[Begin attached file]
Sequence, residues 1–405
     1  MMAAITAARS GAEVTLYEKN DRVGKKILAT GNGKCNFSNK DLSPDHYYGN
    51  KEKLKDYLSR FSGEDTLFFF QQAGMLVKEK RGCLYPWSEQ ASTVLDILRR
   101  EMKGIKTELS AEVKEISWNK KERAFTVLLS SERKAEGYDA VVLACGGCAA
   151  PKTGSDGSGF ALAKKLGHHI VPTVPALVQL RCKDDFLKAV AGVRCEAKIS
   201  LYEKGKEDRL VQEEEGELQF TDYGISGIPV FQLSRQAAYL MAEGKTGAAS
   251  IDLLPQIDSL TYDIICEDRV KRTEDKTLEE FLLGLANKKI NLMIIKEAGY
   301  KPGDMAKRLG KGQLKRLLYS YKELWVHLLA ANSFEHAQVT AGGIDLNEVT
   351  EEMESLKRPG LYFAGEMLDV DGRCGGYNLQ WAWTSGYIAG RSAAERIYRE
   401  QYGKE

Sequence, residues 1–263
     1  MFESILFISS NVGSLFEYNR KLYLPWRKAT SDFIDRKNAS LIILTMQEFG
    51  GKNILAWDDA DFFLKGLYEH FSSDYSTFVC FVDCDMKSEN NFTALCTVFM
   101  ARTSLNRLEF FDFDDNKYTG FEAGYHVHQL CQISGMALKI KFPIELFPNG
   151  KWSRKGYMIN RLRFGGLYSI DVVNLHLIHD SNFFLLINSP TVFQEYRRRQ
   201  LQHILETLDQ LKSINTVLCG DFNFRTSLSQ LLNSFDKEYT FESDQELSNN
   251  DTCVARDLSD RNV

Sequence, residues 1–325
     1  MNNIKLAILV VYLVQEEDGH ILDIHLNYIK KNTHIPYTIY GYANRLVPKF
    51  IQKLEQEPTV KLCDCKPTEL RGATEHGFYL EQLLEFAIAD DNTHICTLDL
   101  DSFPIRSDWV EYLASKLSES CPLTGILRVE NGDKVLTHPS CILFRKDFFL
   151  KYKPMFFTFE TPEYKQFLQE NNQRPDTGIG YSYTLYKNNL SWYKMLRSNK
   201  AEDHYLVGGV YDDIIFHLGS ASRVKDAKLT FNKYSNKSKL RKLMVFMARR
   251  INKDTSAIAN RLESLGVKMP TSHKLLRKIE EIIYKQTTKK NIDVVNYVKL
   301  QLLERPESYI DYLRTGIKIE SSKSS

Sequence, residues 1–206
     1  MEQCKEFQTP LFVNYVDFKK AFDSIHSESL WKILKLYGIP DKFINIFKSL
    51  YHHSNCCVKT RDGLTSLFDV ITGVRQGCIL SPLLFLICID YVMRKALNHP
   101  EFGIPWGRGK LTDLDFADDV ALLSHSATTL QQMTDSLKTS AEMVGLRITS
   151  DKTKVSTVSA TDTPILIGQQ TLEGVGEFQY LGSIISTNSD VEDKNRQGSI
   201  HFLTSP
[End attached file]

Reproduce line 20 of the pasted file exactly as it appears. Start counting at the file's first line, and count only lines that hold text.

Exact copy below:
    51  IQKLEQEPTV KLCDCKPTEL RGATEHGFYL EQLLEFAIAD DNTHICTLDL